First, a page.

Posing as a wealthy but benevolent Algerian in France, Aboud appears to help poor North Africans in Paris suburbs. Penny, a New York reporter, attempts to inform her friend Charles, who experienced great personal loss in New York on 9/11, that Aboud is in reality an Islamic terrorist. In the Sahara desert Charles discovers that Aboud is anything but charitable. When Charles tries to find out what target in Paris Aboud will seek to destroy by rockets or C-4 expolsives, he is imprisoned and tortured by Aboud. However, Charles is rescued by Fatima, a Muslim Egytian flight attendant who is enslaved by Aboud after a 2001 Islamic riot against women in an Algerian oil town. The two flee by camel across the desert but face dangers at the hands of Aboud's men, and Charles is gravely wounded. When they finally reach Paris and inform Steve Hallcroft at the American embassy of their suspicions, the four—Charles, Fatima, Penny and Steve—form a team to thwart the destruction of American institutions in Paris.

Hardback | 978-1-5144-4965-3
Paperback | 978-1-5144-4964-6
E-book | 978-1-5144-4963-9

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Author's Notes

The heroine, Fatima, constantly insists that Aboud, the fanatical Algerian in the book, is evil, and warns everyone she knows about his true nature.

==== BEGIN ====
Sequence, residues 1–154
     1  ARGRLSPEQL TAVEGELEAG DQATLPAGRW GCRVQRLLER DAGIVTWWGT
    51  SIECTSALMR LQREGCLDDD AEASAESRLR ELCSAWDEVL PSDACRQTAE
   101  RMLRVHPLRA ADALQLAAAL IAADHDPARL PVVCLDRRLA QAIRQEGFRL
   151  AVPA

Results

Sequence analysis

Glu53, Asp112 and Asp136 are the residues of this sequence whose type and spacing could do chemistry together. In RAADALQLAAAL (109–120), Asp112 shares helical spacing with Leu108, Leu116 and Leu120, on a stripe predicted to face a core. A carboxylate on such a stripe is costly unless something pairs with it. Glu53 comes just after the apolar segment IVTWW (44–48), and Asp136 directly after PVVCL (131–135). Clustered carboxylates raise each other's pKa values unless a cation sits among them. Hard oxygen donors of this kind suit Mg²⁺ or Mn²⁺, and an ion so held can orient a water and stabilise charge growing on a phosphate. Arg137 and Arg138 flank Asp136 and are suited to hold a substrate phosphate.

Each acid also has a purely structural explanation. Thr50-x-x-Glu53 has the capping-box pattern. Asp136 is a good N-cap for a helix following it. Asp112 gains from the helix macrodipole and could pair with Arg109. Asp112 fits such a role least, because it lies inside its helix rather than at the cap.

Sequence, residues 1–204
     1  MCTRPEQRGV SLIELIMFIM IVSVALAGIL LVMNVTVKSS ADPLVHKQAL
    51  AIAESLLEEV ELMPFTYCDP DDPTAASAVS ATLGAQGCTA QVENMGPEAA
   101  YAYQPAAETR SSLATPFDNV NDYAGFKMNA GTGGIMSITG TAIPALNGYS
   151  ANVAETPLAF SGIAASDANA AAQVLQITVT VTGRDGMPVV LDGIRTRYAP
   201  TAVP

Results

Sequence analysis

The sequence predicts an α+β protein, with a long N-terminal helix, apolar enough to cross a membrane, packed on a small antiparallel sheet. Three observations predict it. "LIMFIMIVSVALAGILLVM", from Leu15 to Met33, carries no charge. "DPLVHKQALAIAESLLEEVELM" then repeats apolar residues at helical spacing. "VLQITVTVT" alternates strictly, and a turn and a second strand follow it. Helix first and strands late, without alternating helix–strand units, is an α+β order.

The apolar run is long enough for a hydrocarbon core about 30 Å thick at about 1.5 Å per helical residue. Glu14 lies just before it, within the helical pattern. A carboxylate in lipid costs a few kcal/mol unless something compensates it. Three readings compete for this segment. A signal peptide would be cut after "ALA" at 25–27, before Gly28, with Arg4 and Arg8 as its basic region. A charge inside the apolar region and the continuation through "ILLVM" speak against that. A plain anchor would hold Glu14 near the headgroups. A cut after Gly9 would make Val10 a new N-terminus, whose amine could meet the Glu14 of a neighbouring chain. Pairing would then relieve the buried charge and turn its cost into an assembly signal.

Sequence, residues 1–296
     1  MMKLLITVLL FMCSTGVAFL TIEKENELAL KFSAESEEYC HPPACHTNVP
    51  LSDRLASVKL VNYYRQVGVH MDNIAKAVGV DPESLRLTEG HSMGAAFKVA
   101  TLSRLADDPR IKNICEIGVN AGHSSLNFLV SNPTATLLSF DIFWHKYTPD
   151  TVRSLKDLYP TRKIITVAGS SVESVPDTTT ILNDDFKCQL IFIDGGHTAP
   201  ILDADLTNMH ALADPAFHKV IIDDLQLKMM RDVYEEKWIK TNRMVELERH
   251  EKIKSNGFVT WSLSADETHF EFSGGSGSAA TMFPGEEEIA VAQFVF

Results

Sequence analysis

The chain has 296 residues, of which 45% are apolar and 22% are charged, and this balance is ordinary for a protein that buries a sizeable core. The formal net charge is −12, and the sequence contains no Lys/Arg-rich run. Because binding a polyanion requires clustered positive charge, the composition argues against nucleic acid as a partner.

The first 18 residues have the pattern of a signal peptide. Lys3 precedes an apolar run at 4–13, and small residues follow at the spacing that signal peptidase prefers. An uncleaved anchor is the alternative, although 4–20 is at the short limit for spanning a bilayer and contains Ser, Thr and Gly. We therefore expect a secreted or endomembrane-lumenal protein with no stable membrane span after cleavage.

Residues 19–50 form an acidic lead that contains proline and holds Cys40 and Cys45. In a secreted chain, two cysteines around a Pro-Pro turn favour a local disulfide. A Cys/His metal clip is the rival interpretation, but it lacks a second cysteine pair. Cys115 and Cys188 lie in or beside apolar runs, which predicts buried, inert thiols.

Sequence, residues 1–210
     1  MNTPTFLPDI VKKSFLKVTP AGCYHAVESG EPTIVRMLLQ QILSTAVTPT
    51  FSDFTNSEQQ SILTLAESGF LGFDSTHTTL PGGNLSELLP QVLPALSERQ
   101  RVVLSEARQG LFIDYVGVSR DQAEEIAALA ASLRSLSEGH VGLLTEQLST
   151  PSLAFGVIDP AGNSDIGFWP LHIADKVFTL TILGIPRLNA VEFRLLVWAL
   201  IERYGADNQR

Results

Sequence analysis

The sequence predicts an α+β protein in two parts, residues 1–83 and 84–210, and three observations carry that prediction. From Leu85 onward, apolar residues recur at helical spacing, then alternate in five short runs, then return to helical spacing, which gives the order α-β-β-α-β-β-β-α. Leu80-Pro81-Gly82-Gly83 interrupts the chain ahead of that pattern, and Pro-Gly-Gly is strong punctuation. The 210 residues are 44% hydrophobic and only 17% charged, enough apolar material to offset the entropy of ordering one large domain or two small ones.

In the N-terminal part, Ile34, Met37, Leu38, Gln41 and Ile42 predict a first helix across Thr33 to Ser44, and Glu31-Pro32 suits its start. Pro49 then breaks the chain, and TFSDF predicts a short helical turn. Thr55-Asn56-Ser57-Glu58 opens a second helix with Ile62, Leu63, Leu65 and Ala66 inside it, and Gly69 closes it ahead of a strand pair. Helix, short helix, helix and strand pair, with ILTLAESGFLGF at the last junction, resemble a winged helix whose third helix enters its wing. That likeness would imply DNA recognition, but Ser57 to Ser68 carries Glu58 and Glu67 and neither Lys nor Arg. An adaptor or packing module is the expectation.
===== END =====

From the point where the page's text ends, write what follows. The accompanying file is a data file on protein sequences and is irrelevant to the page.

What is the nature of evil? Personally, I believe that Albert Camus had it right when he wrote: "The chorus in the classical tragedies (of the Greeks) generally advises prudence. For the chorus knows that up to a certain limit everyone is right and the person, who from blindness or passion, oversteps this limit is heading for catastrophe, if he persists in his desire to assert a right he thinks he alone possesses." Such arrogance is not limited to fanatical Muslims like Aboud who believes he alone is right, but can be found everywhere, in all faiths and in all leaders, and in any land, and it always leads to trouble. Arrogance is what gets individuals and nations into trouble.

Read a talk on "Paris Under Siege" by the author to Allianze France of Naples, Florida in March, 2007 in a separate window.

The American Cathedral in Paris
23, Avenue George V - 75008 Paris - France
(The Tallest belltower in Paris)
The Deanery (Dean's residence) garden at the American Cathedral

This page updated 01/30/16